You can be utilitarian about your propagation or you can use cuttings as decor in plant styling your space. Monstera rooting in a large glass vase looks modern and elegant.

Some plants are more likely to rot in water propagation so another way to propagate is using prop boxes.

Sphagnum Propogation Box

Plants that enjoy higher humidity

Set up time 15 minutes


Plastic or glass closed container or vented container like a lettuce box

  • Plastic or Glass Closed Container or vented (can be recycled lettuce box)

  • Sphagnum

  • Water & Mister

  • Root hormone powder (not necessary but you can use it)

Some plants that are easily propagated using this method:

  • Aroids

  • Begonias

  • Peperomia

  • Dischidia

  • Monstera

  • Rabbit’s foot fern


  • Moisten Sphagnum

  • Layer Sphagnum (3/4 -1”)

  • Place cuttings on top of sphagnum

  • Close lid

  • Place in a warm bright location and mist occasionally to prevent drying out

    You want air circulation, so open the prop box every few days. You also don’t want them too dry, or too wet. However too much moisture can cause your cuttings to rot. If you notice rot remove the effected cutting from your Prop Box. If you notice mold you can treat it with neem oil.

Total setup time 15 minutes

Perlite Propagation Box

Plants that like lower humidity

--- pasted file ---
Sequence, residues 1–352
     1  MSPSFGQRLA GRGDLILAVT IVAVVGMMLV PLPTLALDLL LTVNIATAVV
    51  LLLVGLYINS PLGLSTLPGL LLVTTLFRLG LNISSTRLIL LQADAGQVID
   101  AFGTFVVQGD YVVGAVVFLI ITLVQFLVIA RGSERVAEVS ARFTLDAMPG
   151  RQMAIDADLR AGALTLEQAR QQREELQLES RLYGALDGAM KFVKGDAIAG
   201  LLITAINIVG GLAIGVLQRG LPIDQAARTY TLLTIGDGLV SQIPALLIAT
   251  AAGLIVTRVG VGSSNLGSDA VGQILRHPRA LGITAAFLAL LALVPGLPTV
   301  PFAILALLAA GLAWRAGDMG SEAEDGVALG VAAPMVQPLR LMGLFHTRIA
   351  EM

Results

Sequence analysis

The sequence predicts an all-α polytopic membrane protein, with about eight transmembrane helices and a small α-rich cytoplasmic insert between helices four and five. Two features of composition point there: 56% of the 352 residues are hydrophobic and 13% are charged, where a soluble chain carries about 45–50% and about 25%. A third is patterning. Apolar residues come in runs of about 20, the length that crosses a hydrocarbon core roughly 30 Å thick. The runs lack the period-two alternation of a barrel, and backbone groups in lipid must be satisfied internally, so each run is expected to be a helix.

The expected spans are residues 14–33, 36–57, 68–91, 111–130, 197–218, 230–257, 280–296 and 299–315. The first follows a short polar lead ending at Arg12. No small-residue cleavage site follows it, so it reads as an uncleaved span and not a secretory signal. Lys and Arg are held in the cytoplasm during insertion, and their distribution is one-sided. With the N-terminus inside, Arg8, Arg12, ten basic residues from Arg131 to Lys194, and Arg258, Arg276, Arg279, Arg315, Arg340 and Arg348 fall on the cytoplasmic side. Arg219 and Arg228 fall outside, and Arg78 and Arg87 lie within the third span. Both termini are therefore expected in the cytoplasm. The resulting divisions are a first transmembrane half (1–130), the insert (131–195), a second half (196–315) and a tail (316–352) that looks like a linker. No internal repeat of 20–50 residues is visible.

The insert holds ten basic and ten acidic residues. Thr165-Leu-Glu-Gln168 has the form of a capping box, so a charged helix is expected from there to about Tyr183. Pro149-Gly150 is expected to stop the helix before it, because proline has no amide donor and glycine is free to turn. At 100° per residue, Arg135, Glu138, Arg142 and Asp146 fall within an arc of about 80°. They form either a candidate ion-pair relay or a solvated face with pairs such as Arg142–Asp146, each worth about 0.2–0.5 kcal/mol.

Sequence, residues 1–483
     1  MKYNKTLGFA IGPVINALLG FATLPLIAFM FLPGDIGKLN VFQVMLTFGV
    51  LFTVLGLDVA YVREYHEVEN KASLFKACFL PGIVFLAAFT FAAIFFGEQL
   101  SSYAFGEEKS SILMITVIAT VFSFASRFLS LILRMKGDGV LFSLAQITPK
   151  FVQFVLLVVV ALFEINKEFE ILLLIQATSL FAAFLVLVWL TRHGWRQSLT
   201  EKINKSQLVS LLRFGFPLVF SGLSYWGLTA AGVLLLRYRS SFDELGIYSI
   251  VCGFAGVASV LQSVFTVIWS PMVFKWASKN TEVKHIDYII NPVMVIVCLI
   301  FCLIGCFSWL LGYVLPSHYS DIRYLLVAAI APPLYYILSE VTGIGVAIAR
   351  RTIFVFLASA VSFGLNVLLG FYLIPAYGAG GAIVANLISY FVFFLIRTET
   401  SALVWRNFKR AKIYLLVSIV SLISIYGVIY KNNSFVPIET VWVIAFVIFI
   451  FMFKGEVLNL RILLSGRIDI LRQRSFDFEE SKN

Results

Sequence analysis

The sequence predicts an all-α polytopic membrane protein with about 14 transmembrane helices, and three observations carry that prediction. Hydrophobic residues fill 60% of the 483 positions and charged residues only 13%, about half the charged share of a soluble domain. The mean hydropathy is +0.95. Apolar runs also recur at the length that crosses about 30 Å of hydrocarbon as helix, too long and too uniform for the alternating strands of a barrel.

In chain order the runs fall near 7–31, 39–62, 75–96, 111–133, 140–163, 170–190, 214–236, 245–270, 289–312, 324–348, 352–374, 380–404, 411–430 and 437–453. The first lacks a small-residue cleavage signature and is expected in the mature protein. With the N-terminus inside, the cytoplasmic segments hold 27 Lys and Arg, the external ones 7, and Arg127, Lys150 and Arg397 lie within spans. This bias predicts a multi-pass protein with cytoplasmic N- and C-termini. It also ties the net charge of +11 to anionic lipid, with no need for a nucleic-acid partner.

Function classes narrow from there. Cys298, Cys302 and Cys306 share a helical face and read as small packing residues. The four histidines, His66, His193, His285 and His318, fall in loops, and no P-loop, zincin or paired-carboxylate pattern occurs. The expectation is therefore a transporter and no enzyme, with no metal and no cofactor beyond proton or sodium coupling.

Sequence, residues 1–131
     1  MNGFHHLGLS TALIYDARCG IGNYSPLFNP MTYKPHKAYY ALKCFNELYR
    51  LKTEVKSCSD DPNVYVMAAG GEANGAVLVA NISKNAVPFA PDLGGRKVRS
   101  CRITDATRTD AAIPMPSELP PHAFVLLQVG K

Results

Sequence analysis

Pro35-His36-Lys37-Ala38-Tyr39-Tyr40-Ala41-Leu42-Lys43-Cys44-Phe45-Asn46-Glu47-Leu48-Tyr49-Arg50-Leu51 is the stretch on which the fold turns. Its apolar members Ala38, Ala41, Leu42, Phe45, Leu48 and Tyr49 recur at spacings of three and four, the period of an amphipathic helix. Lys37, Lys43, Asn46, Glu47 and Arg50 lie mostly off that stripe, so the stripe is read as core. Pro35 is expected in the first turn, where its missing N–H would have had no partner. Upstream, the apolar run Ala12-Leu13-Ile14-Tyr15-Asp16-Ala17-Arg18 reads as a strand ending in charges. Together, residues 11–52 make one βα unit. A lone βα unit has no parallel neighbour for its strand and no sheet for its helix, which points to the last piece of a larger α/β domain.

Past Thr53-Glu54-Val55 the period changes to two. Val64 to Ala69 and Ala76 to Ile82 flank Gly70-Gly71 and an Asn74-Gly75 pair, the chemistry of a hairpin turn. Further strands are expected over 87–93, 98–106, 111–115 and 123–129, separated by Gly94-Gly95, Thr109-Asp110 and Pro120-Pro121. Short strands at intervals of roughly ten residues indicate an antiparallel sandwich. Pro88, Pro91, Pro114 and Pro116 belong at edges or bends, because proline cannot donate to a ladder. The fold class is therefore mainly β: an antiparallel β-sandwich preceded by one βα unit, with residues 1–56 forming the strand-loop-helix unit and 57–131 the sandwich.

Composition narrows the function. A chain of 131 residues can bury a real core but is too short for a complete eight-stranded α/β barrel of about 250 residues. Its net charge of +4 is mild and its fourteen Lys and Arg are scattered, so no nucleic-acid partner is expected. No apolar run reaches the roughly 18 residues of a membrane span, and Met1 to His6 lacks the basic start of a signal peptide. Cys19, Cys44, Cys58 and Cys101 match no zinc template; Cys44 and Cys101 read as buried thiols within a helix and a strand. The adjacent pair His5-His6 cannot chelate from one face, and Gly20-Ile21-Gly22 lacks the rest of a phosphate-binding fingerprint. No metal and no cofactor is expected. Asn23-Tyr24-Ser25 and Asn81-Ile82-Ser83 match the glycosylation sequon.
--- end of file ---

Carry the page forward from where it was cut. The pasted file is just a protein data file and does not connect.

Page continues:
Set up time 15 minutes


  • Plastic or glass container

  • Perlite

  • Container to wash Perlite

  • Powder rotting hormone

Plants that do well in Perlite propagation box:

  • Hoya

  • Succulents

  • Dischidia


  • Wash Perlite

  • Layer Perlite over bottom of container 3/4 -1”

  • Place cuttings in Perlite

  • Keep in a warm, bright location. and open periodically to check moisture levels and allow air flow.

Ways to increase success

Allow cutting to callous before planting or propagating. The cut you made will expose the inner flesh of your plant. You want the wound to dry before propagation. Succulents and cacti usually take about 4 days. Most other plants will callous over night. As a hobbyist or growing for fun, if you are o with losing a few cuttings this is not necessary. If propagating something rare or if you have had issues with losing cuttings in the past this can help.

Change the water every few days if propagating with water. Distilled or rainwater is best especially for epiphytes and carnivores. Many say this is to reoxygenate the water, however gas exchange happens naturally as those who have kept goldfish without an airstone can attest. You can add an airstone, commonly used for aquariums to create a bubbler setup. More oxygen helps the roots grow faster and take on water easier.

Superthrive or Hormex may be added to water prop to supplement root growth but not required. Mixing powdered hormone with water dilutes it past the point of working depsite many online advocating this.

Placement of your cuttings as they propagate is a bit of a Goldilocks zone. Warm, bright location but not in direct sun as that can make cuttings too hot (prop boxes). Water props can be on a windowsill but that can increase algae growth. Not too harmful, just be sure and change water frequently.

One response to “Houseplant Propagation”

  1. Denise says:

    Loved all the information and instructions. Very helpful to recognize why I have failed with certain plants.

    I did notice a spelling error in the last paragraph incase you wanted to correct. Sin should be sun.

    Kennedy’s is my favorite local wandering place!